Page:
Turkey and Azerbaijan sign formal alliance in “Shusha Declaration”. On 15 June, Turkish President Recep Tayyip visited the newly-captured city of Shusha (Armenian: Shushi) in Nagorno-Karabakh upon the invitation of his Azerbaijani counterpart Ilham Aliyev. There, the two leaders signed an official declaration of alliance, known as the “Shusha Declaration”, formalising the close political and cultural relationship between their countries. The document, signed on the 100th anniversary of the 1921 Treaty of Kars, which set the modern borders between Turkey, Armenia, and Azerbaijan, commits both countries to strengthening military, political, and economic ties- the latter of which include the opening of the so-called “Zangezur corridor” to connect the two countries through Armenia’s Syunik province.  Shusha, often regarded as the “cultural capital” of Azerbaijan, was captured from Armenia at the end of last year’s war over Nagorno-Karabakh.

In Central Asia…

Kazakhstani president Kassym-Jomart Tokayev signs dubious new human rights decree. Some of the human rights outlined in the decree include the elimination of discrimination against women, protection of freedom of association, freedom of expression, and freedom to life and public order. Local human rights experts are alarmed by the vagueness of the decree and its lack of connection to everyday life. Meanwhile, Tokayev also signed amendments regulating the activities of lawyers and legal consultants in the country that have been protested by professionals who say the law impedes their activities and deprives them of independence. In addition, several days later, Kazakh Interior Minister Yerlan Turgumbayev said that the “kettling” tactic that has been widely used by the special forces to keep peaceful demonstrators in one place for several hours is not torture and does not go against protesters’ rights. While some express cautious hope that the new decree can be a tool for positive change, many activists and experts remain doubtful given the lack of concrete measures and definitions in the decree’s text.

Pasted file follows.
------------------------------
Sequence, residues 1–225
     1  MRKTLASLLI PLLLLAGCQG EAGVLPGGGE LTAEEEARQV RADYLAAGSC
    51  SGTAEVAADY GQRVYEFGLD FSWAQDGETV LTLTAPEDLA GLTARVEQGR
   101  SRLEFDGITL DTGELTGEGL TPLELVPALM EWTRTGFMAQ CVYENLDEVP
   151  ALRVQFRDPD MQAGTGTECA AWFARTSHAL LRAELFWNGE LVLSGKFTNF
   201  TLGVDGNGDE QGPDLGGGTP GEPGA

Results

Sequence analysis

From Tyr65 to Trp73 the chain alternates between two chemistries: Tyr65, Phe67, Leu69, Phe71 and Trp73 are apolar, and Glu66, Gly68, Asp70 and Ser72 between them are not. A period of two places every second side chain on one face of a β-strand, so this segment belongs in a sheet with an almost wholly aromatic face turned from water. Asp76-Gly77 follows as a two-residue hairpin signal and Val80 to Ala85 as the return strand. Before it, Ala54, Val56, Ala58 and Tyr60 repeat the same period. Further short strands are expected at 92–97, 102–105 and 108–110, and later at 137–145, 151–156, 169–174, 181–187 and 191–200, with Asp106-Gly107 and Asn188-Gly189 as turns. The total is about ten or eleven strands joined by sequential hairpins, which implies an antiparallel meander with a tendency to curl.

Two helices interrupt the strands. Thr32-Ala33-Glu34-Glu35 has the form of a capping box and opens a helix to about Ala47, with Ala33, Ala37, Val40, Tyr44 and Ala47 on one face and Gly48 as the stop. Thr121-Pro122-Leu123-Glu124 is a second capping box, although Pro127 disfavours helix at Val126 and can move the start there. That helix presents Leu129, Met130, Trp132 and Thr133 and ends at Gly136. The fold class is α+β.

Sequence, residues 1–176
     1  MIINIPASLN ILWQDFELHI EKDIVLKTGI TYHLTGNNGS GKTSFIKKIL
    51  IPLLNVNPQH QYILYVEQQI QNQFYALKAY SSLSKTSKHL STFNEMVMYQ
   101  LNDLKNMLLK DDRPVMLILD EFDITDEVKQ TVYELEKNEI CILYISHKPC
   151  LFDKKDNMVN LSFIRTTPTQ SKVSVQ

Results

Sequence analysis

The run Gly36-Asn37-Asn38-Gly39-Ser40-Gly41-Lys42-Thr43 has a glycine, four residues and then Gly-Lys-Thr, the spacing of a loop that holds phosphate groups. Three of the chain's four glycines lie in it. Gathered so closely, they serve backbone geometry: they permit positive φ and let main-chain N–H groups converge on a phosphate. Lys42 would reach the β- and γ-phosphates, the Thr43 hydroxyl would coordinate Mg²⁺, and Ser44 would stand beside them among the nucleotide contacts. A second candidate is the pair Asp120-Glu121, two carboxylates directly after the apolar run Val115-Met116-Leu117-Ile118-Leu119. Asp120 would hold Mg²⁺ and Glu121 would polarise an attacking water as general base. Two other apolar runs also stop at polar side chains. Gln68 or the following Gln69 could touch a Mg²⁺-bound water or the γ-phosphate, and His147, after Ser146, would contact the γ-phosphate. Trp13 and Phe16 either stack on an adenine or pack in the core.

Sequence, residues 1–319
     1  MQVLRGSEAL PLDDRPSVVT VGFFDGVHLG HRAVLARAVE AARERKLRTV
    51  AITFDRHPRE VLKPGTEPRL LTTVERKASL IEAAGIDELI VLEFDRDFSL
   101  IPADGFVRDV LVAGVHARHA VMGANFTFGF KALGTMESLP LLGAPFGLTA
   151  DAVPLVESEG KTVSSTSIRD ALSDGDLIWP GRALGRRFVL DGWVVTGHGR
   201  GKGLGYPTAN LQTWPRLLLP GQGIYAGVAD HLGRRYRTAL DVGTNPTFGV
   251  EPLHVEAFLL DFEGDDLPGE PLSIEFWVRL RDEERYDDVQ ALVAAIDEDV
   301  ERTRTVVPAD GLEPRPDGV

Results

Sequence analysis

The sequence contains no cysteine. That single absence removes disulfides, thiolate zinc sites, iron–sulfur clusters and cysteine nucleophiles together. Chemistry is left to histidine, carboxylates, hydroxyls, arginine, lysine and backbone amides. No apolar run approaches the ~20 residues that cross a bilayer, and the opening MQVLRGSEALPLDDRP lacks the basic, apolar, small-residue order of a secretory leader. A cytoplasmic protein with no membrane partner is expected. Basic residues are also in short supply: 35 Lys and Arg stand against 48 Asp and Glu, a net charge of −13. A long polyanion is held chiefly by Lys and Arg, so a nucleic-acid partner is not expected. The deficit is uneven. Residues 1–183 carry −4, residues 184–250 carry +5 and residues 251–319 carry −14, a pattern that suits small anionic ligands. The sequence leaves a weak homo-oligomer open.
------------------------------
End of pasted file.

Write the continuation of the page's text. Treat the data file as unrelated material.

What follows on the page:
Turkmenistan repays debt to China. On 11 June, Turkmenistan’s Deputy Prime Minister Shakhym Abdrakhmanov announced that Turkmenistan had fully repaid its credit to China. Turkmenistan took out a loan from China to finance the Turkmenistan-China gas pipeline. The exact amount that needed to be reimbursed is unclear, but experts estimated that it was between 8 and 10 billion dollars. Despite Turkmenistan’s ability to repay its debt to China, the country’s economy remains unstable, as it is almost fully dependent on gas exports and the sale of diverse commodities to China.

In Central Europe… 

New Hungarian legislation bans LGBTQ content in minors’ TV.  In a new law, passed by the parliament by 157 votes, LGBT-friendly content was banned from under 18s television broadcasting. The Hungarian government justifies the law as an attempt to impede the “detrimental effect” – as defined by a government’s spokesperson – potentially exercised by homosexual and transexual content on children and adolescents. This law applies to LGBT-supporting advertisement campaigns by large companies and relates to issues concerning sexual education and paedophilia, as well. Despite a strong popular resentment towards homophobic measures and the boycott enacted by several opposition parties, Fidesz successfully introduced the legislation, triggering strong concerns among human rights advocates, both nationally and at the supranational level, since, as in the words of Ursula von der Leyen, the European Union aims at embracing diversity.

Fatal bear attack in Slovakia leaves man dead. Concerns over the growing bear population of Slovakia are mounting after what is being described as the first fatal bear attack in the country in over a century. On 15 June, the body of a 57-year-old man was found near the village of Liptovska Luzna in the Low Tatra mountains. An autopsy later revealed that the man had died from wounds sustained in a bear attack. Last year, there were five recorded bear attacks on humans in Slovakia, though none of them fatal. Slovakia’s population of Eurasian brown bears has tripled to 2,760 this century, and the attack has raised concern over the potential for more deadly run-ins between humans and bears in the future. While the Slovak environment ministry says that such an attack is unique, the country’s Forestry Association has called for hunting to be allowed to control populations, showing that for many Slovaks, a further increase in population may be difficult to bear.